South Africa was recognised with numerous travel and tourism awards in 2018; from being named as Africa’s Leading Destination in the latest World Travel Awards, to its top metropoles such as Durban and Cape Town earning the titles of Africa’s Leading City Destination and Africa’s Leading Festival & Event Destination, respectively.
As such, South African small and medium enterprise (SME) owners with operations either directly or indirectly linked to the sector, should take this opportunity to capitalise on the recent positive trajectory in order to bolster their businesses this year.
Illustrating the growing impact of the sector, Arnold February, regional investment manager at Business Partners Limited (BUSINESS/PARTNERS), points to the World Travel and Tourism report 2018, which reveals that the direct contribution of the travel and tourism sector to South Africa’s GDP has been projected to rise from R136bn in 2016 to R197.9bn by 2028 – set to make up a total of 3.3 percent of the country’s total GDP.
“One of the biggest benefits of the travel and tourism sector is the fact that it encompasses, both directly and indirectly, a wide range of industries – from hospitality and cleaning services, to retail and repairs – offering a niche for almost any business to fill in the industry,” February explains.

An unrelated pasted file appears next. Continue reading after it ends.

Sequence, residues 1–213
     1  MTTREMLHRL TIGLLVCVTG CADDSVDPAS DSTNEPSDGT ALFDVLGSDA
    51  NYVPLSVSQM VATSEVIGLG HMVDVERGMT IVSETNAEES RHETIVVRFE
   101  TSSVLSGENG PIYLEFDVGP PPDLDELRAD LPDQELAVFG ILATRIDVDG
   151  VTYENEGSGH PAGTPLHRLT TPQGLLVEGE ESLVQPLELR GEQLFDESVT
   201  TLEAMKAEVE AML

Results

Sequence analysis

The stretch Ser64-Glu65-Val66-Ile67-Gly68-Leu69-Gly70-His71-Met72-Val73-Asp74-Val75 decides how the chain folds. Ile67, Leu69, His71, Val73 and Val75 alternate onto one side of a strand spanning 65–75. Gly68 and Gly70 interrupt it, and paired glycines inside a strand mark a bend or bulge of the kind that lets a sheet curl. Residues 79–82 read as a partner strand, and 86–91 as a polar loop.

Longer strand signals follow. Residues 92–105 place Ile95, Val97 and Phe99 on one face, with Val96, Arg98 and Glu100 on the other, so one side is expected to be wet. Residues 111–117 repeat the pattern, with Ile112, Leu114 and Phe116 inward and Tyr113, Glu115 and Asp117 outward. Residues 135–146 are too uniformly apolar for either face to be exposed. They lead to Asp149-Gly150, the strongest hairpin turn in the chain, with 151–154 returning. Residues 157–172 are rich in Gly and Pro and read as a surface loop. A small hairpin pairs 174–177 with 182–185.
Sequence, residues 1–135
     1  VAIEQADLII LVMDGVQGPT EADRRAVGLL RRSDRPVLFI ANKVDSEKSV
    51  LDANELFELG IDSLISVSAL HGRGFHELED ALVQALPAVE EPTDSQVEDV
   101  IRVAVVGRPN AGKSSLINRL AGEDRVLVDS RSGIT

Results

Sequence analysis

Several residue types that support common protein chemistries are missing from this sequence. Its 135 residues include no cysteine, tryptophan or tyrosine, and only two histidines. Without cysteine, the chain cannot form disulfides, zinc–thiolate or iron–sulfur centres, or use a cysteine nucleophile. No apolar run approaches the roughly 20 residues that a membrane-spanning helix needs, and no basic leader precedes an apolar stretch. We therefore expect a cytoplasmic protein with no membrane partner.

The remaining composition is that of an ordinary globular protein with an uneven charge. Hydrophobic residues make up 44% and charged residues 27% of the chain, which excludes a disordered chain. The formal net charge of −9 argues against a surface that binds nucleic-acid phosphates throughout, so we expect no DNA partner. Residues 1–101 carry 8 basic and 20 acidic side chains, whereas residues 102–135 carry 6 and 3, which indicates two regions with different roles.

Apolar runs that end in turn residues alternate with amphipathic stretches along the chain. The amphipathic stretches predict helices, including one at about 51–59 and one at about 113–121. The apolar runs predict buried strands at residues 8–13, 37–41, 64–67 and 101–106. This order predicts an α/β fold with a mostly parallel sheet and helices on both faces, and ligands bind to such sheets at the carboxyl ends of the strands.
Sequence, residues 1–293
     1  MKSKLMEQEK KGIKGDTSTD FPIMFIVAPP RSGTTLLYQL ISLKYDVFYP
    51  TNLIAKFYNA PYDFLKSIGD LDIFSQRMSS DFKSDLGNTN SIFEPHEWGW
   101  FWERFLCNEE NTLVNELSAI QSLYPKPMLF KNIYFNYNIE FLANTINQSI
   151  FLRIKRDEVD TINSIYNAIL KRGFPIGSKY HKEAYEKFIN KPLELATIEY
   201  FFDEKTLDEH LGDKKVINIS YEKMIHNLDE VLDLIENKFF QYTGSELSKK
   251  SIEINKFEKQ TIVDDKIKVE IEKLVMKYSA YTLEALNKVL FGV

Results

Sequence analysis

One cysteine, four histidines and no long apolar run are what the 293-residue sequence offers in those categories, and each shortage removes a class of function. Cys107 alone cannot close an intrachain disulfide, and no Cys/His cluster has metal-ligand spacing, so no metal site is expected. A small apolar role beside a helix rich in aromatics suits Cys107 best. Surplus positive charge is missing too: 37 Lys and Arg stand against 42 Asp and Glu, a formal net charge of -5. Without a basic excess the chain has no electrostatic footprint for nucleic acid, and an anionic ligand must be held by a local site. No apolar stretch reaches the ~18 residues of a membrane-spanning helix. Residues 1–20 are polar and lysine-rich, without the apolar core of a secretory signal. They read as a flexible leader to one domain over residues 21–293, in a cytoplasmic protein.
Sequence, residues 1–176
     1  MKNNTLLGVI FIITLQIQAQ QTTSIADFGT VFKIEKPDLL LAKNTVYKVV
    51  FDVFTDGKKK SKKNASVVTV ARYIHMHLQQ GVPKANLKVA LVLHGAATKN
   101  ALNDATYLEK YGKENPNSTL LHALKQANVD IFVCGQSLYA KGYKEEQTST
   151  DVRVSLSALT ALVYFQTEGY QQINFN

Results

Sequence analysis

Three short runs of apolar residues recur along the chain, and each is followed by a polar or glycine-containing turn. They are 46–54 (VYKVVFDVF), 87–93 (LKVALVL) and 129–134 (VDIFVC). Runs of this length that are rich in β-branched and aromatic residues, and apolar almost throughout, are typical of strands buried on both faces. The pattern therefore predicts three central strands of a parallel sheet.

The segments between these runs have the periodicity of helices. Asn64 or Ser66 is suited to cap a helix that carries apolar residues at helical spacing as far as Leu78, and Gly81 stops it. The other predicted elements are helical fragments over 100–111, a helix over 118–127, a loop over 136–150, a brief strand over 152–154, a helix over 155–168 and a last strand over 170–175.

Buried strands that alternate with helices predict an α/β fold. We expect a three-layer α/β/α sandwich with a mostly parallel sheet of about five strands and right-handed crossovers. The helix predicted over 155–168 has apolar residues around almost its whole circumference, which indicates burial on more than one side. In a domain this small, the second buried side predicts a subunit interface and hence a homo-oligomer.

“As such, SMEs around the country should collaborate to form a community and support each other’s business growth, whilst creating unique experiences for visitors,” he adds.
“Further to this, SME owners who have businesses operating in the same field should not view one another as competition, but rather work together to complement each other. This will not only benefit the businesses, but also provide clients with better and more streamlined services, while showcasing the best of what the country has to offer.”
In order to assist, February lists three pointers that local SME owners can use to create a community and bolster their businesses, as well as drive the travel and tourism industry forward:
- Work together to map out experiences: An increasing number of tourists seek out experiences and adventures, rather than sightseeing or relaxing pool-side. Not only does this provide opportunities for tour guides, but it also offers an opportunity for experiential businesses – from shark cage diving to wine farms – to form relationships, promote each other or offer joint discounts. Businesses can also work together to provide a curated tour with many different complementary stops and activities along the way.
- Don’t view businesses with the same offering as competition: For example, guest house owners should consider agreeing to offer each other referral fees if they are fully booked and refer a guest to another guest house in the area.
- Organise forums: From a support-perspective, this is a great way for businesses in specific industries to network and problem solve together. This can either be in the form of small regular coffee meetings or larger monthly or quarterly meetings. We find that in the suburbs, there are already a lot of forums and it really assists in forming a bonded community between businesses.
“As 2019 is in full swing, local business owners should consider working together with other businesses in their communities in order to capitalise on the country’s booming travel and tourism industry and expand their businesses,” concludes February.